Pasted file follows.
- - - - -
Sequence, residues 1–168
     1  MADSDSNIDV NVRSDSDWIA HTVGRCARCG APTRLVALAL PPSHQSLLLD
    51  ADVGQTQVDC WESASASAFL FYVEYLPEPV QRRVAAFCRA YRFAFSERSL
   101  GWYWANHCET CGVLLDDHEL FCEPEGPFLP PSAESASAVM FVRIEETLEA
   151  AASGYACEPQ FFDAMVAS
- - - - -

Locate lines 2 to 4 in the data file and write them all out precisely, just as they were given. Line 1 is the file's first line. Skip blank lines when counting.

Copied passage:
     1  MADSDSNIDV NVRSDSDWIA HTVGRCARCG APTRLVALAL PPSHQSLLLD
    51  ADVGQTQVDC WESASASAFL FYVEYLPEPV QRRVAAFCRA YRFAFSERSL
   101  GWYWANHCET CGVLLDDHEL FCEPEGPFLP PSAESASAVM FVRIEETLEA